In this week’s Word Nerd Wednesday, Elisabeth Warner shares with us what it means that God is our Kabodhi.
But you, Lord, are a shield around me,
my glory (כְּ֝בוֹדִ֗י), the One who lifts my head high.
glory /glɔr i,/
- very great praise, honor, or distinction bestowed by common consent; renown:
- something that is a source of honor, fame, or admiration; a distinguished ornament or an object of pride:
- adoring praise or worshipful thanksgiving:
כְּ֝בוֹדִ֗י (Kabodhi /kə-ḇō-w-ḏî/): glorious
Part of speech: Noun, masculine
glory as the object of honour, reverence and glorifying. In this case, the Lord is the glory of the psalmist (“my glory”).
The context of Psalm 3 is found in 2 Samuel 15:1-17:29. When David’s son Absalom attempts to take the throne, David seeks God for help. In the midst of a hopeless situation, David finds hope in God.
David Calls on Kabodhi
When David calls the Lord “my glory,” David is proclaiming the Lord as the source of his glory. God is the one who took David from shepherd to king of Israel, and elevated him to glory. David does not boast in his own strength, wisdom, riches, or honor, but in his covenant God. The experience David has with his son Absalom is comparable to Christ’s experience with Judas. According to commentaries, the third psalm may allude to Christ, as a continuation of the second psalm. As an example of the Redeemer, David shows us through this psalm the peace and security of those who are redeemed. We are under the divine protection, and we truly are safe.
David is honest with God about his feelings, but he does not stay in those feelings. He weeps over his son Absalom, but he also rejoices that he knows God in the midst of his pain. Even when he is shaped and pruned by God, David chooses to trust God while his enemies pursue him. Even though the world says that David is disgraced because his own son is trying to take the throne from him, David has a glory from God that is far above what the world can offer. Therefore, David chooses to fix his eyes on his Lord, to praise Him and to allow Him to define his identity.
Paul echoes David’s faith in God’s glory in Romans 8:18: “I consider that our present sufferings are not worth comparing with the glory that will be revealed in us” (NIV). According to the Septuagint, the word Paul uses for “glory” is the same word David uses for “glory” in Psalm 3. David endures such trials to become who God wants him to be: a man after His own heart.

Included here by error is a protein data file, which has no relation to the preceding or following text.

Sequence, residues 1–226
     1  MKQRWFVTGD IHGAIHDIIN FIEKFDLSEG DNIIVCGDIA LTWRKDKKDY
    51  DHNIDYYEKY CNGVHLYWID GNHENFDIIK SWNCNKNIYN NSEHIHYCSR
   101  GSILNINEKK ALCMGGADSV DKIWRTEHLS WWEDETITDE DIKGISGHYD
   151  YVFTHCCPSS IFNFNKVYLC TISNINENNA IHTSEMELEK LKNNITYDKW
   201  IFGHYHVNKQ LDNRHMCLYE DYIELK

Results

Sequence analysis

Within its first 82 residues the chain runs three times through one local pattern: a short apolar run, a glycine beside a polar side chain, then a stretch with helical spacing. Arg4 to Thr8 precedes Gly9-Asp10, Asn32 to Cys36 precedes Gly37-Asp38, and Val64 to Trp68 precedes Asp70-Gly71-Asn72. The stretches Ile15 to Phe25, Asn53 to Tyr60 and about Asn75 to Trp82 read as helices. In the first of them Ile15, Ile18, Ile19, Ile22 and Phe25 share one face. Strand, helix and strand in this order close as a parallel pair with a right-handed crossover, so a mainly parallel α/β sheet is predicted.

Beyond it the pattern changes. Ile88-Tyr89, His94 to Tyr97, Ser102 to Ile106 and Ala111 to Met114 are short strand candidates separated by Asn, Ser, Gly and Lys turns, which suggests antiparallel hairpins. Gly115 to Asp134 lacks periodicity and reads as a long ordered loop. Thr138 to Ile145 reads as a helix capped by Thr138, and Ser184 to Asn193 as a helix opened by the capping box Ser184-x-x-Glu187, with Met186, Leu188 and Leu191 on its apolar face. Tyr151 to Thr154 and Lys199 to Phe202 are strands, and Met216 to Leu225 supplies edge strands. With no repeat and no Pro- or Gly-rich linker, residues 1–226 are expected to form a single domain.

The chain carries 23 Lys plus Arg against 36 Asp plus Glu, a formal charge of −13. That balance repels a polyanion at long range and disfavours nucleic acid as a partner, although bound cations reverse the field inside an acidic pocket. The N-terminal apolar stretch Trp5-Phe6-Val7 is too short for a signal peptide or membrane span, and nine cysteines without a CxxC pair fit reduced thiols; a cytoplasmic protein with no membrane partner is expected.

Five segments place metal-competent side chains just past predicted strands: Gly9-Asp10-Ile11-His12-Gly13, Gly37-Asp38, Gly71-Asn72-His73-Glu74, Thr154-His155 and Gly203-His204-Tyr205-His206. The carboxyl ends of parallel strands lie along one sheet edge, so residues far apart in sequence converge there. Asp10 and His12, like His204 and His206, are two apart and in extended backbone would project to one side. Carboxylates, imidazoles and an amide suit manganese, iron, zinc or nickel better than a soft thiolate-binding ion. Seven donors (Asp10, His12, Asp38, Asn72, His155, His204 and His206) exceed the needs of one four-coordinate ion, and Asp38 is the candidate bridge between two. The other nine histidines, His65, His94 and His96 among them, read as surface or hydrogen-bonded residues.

Our Glory Comes from the Lord
We may not have children who want to dethrone us, but we are tempted on a daily basis to find glory on our own. Like David, we may face circumstances that seem to bring us shame or disappointment. On the other hand, like David, we can also trust in God in the midst of those disappointing times.
We also need to trust God in the midst of our worldly triumphs! When we’re checking boxes off our to-do lists and making progress, it’s tempting to think that we can achieve our own glory. The glory that God gives is beyond anything we can achieve in this world. He alone is our glory, and He alone can lift our weary heads and help us keep going.
As followers of Christ, we can hope that nothing we endure in this life will be wasted. No matter what we suffer, when this is all over, we will take part in the incomparable glory of Christ. At the same time, no matter what awards we win or praises we receive, the glory we receive from Christ is so much greater.
Is God Your Kabodhi?
Where have you been seeking glory lately apart from God? Whether you’re racking up accolades or sulking in disappointment of your own failures, lay down your false glory and affirm your faith in God’s glory for you.What does it mean to you that God is your Kabodhi? #wordnerdwedesday #kabodhi Click To Tweet
Jamieson-Fausset-Brown Bible Commentary (Commentary Critical and Explanatory on the Whole Bible)
John Gill’s Exposition of the Bible
Matthew Henry Commentary (Complete)
Matthew Henry Commentary (Concise)
Charles Spurgeon, The Treasury of David
Elisabeth Warner is a lover of words in all languages. She resides in Long Island with her husband, Lenny. Elisabeth seeks to encourage young women who struggle with anxiety through her blog, and through fiction that tells of God’s faithfulness in the midst of impossible situations. Visit her website (www.elisabethwarner.com) for encouragement and fun stories!